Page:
Health Insurers Betting on Urgent Care Centers
UCCs are usually equipped with the latest healthcare technology including electronic medical records, electronic prescriptions and digital X-rays. They are typically open night and weekends, when physician offices are usually closed.
Although UCCs often tout drop-in wait times of less than one hour, many centers are now offering online reservations.
Business is booming. The 9,000 UCCs in the U.S. receive an average 342 patient visits each week, or 3 million visits annually, according to the Chicago-based Urgent Care Association of America.
UCC costs are significantly less than an emergency department visit but can be comparable to a typical physician office visit. The NC Blues estimates that the average cost of an ED visit is $1,500 and about 20% of ED visits could be effectively treated at an urgent care center where the average cost per visit is $142. The insurer estimates that a 5% shift from ED use to urgent care centers could reduce medical spending by $8 million annually.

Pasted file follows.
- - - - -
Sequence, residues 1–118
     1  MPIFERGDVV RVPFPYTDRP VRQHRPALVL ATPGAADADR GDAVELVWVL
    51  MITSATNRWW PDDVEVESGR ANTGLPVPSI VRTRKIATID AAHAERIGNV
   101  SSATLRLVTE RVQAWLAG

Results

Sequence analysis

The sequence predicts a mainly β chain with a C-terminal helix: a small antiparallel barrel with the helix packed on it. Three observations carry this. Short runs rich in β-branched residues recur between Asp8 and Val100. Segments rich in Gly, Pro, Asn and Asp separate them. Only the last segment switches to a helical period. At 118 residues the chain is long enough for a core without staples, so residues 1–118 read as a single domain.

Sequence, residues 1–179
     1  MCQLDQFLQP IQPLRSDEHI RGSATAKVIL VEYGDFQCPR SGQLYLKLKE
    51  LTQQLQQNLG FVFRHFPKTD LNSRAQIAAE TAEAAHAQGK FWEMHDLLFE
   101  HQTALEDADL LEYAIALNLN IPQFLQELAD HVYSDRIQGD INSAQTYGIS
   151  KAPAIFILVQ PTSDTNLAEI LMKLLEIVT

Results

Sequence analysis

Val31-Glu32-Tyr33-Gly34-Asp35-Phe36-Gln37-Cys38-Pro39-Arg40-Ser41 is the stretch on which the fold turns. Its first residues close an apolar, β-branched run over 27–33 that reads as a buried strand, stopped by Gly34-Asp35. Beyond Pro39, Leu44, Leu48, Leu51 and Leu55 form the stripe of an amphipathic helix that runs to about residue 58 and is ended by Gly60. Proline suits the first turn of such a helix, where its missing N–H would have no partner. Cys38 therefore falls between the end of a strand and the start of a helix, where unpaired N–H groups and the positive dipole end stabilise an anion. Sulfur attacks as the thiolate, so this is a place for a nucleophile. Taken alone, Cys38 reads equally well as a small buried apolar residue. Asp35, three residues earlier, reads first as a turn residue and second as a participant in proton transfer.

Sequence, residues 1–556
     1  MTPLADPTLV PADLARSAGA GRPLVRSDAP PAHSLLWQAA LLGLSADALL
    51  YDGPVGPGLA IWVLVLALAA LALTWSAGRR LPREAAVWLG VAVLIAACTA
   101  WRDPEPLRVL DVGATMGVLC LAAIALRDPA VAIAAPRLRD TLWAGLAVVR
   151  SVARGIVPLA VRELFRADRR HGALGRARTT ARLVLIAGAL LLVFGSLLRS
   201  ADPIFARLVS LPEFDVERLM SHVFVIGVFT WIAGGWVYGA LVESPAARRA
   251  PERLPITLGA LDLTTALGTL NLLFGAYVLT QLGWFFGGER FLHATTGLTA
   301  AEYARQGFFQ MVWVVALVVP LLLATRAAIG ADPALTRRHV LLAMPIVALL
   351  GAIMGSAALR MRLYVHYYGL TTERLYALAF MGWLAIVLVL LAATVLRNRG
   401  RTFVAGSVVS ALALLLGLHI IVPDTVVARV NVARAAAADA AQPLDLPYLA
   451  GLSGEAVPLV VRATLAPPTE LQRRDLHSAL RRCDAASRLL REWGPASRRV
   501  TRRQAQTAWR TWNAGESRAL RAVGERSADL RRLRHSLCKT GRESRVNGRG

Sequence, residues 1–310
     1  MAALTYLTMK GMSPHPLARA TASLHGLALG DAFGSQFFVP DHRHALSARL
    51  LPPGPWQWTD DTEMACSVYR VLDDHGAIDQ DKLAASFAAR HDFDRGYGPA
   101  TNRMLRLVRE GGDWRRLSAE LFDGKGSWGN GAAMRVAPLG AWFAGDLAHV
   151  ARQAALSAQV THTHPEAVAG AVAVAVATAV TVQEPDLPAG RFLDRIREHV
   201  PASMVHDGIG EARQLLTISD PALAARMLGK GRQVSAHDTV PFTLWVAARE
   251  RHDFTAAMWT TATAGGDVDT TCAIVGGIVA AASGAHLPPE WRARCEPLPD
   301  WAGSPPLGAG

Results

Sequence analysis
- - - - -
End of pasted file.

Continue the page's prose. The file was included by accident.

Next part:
With its ownership position, BCBSNC can entice its members to use the FastMed facilities by offering lower copayments and lower in-network charges.
- New G-Codes to Pay Doctors for Broad Array of Non-Face-to-Face Care
- CMS Sets 2014 Pay Rates for Hospital Outpatient and Physician Services
- Telehealth Improves Patient Care in ICUs
- Hospital M&A Volume Up, Value Down in 3Q
- 50 Years of Fighting Pressure Ulcers Called Into Question
- Douglas Hawthorne—A Chance to Do Something Big
- Why You Should Involve Patients in Nursing Handoffs
- States Rejecting Medicaid Expansion Forgo Billions in Federal Funds
- Small Doesn't Mean Doomed
- The 5 Biggest Healthcare Finance Trouble Spots